Whether it’s Covid or its variants, what remains unchanged is the need for a cellular communications network that allows individuals and businesses to operate from anywhere and in real time. Serving customers with state-of-the-art digital tools, better rural connectivity and ROI for business-to-consumer customers are other requirements. Naturally, the commercial deployment of 5G in 2022 could be highly anticipated and an opportunity for India to aim to be a hub for 5G and allied technologies. This view is supported by the fact that the country has a robust technology ecosystem, a talent pool and an indigenous technology stack. Together they can be leveraged to build 5G applications and services for India and the world.
Of course, an ecosystem must be built. According to KPMG’s “Connectivity of The Future: 5G The Gamechanger” report, telecommunications service providers (TSPs) will need increased bandwidth for higher data needs to drive revenue growth . It also indicates a greater need to improve the efficiency of data transport to reduce costs. Technology companies or system integrators can increasingly play the role of orchestrator as TSPs partner for 5G solutions by integrating design, integration, certification expertise and implementation.
Device makers are expected to increase their 5G device manufacturing capabilities to cater to the huge 5G handset market that will open up in the country. Finally, thanks to a recent surge in infrastructure spending, providers will create opportunities in the country’s digital landscape: towers, network access and transport fiber, as well as vast edge computing capabilities, will help not only to connect the unconnected, but also to implement various business use cases.
For the 5G ecosystem to thrive, while key technical performance indicators such as capacity, reliability, latency, bandwidth and efficiency are crucial, the importance of collaboration, co-innovation and of consensus are the cornerstones of a solid future development framework.
The 3Vs – or Vernacular, Voice and Video – will become central to natural language processing. Chatbots will go beyond the chat function and take advantage of 3V features for better results in interviews and recruitments, in addition to solving troubleshooting issues; they will rely on the 3Vs to understand language and “speak” to a company’s customers, bringing a step change in the way organizations interact with customers across geographic boundaries. We are increasingly using robots in factories, offices, shopping malls and restaurants, among others. In all likelihood, office assistant robots will emerge. Wherever robots are deployed, care should be taken to differentiate roles and responsibilities between humans and robots.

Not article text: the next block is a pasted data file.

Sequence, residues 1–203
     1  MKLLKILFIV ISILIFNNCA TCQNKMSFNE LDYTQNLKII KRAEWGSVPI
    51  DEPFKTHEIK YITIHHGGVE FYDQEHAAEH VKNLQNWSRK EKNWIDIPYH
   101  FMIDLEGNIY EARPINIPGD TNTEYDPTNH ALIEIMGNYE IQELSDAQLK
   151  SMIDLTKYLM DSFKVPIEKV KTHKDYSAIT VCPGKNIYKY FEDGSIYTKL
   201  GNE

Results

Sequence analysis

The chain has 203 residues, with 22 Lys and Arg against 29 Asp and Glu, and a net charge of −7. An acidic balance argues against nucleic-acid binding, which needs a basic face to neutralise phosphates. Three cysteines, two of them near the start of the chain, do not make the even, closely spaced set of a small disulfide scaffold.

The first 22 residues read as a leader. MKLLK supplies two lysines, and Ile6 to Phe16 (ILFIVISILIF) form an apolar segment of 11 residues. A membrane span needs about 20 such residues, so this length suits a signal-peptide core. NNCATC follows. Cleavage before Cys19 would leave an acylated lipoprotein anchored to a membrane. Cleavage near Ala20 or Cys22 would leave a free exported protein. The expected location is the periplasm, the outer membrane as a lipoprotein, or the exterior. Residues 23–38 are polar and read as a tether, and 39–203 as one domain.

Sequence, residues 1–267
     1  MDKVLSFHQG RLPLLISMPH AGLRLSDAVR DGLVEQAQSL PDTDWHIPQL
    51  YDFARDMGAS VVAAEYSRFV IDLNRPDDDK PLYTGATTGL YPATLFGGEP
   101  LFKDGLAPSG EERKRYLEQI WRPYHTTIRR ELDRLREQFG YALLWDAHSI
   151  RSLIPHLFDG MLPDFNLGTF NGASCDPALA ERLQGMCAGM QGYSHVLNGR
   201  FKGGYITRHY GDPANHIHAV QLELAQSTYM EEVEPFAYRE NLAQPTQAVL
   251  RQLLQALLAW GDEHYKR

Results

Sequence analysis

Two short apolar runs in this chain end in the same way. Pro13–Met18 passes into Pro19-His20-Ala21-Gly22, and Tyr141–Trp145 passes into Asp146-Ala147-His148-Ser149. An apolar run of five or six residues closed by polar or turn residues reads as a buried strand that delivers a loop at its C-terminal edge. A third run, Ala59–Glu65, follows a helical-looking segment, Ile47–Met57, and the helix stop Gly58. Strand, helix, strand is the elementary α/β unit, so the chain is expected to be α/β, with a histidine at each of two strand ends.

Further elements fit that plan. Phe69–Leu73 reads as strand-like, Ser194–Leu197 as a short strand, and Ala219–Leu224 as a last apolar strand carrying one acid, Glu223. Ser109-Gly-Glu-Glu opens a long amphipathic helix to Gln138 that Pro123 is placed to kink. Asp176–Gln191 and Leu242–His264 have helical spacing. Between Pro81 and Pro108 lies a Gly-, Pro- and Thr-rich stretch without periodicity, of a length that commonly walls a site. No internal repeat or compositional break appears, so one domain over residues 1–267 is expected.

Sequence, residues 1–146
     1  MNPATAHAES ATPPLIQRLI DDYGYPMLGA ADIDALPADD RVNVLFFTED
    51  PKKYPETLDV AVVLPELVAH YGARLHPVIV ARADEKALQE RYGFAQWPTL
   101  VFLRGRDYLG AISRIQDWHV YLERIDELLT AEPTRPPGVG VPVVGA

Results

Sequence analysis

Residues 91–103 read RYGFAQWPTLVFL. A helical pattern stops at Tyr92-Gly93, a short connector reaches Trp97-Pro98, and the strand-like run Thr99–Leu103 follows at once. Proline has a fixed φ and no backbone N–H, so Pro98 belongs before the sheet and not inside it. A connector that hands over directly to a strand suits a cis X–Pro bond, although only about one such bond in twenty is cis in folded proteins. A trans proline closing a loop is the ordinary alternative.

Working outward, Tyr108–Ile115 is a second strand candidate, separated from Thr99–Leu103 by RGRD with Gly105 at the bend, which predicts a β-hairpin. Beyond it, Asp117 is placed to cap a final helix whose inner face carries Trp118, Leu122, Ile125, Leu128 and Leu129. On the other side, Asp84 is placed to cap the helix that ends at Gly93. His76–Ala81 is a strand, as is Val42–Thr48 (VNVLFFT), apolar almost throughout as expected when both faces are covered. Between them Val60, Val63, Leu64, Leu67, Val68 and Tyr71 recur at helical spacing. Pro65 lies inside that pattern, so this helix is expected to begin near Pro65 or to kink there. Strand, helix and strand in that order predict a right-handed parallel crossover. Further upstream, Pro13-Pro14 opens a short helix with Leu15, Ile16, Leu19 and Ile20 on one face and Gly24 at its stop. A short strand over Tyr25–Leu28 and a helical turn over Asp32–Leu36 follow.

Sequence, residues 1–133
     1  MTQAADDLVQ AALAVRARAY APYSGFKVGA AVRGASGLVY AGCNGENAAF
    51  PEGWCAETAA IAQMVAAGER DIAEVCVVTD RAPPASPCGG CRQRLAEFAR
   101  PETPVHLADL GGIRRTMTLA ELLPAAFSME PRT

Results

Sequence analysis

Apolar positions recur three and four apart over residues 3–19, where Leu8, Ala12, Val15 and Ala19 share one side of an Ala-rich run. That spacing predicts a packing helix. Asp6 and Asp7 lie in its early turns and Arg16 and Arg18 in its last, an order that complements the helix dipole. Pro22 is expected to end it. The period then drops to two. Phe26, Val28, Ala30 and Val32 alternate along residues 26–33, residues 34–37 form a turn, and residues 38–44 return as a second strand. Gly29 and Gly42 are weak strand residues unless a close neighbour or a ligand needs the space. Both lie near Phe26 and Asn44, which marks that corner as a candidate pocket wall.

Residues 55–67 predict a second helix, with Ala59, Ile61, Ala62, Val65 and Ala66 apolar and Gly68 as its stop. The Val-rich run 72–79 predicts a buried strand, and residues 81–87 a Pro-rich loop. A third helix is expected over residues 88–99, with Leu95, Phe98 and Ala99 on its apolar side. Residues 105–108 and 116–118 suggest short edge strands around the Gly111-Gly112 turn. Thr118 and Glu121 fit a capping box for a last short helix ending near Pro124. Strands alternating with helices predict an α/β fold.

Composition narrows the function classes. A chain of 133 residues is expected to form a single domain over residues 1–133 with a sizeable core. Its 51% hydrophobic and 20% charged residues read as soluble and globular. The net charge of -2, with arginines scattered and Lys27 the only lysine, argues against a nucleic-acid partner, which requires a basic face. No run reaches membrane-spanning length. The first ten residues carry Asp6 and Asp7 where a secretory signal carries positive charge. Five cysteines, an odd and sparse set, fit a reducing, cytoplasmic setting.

A confluence of factors such as 3D printing, distributed computing and decision-making in nanotechnology could transform the manufacturing industry. We need to chart a roadmap for the future to keep pace with transformation. Given the availability of digital data, manufacturers can manufacture at scale and deploy products in mega-factories. Perhaps the next thing to consider is manufacturing with multiple layers of analysis built above. From a retail perspective, “feel and touch shopping” is now becoming online shopping for many shoppers.
Chemical and metallurgical engineering graduates tend to opt for computer science jobs because they are lucrative; this trend could be reversed if semiconductor jobs become competitive on the wage front. There could be a lot of openings when it comes to semiconductor jobs. For example, an ecosystem can help fill the gaps in semiconductor services and solutions. Laboratories can provide the required capacity for equipment; technology can translate good ideas into use if there is an ecosystem in place with logistics networks, and manufacturing units can accelerate learning cycles and incubate production capacity to meet supply chain needs .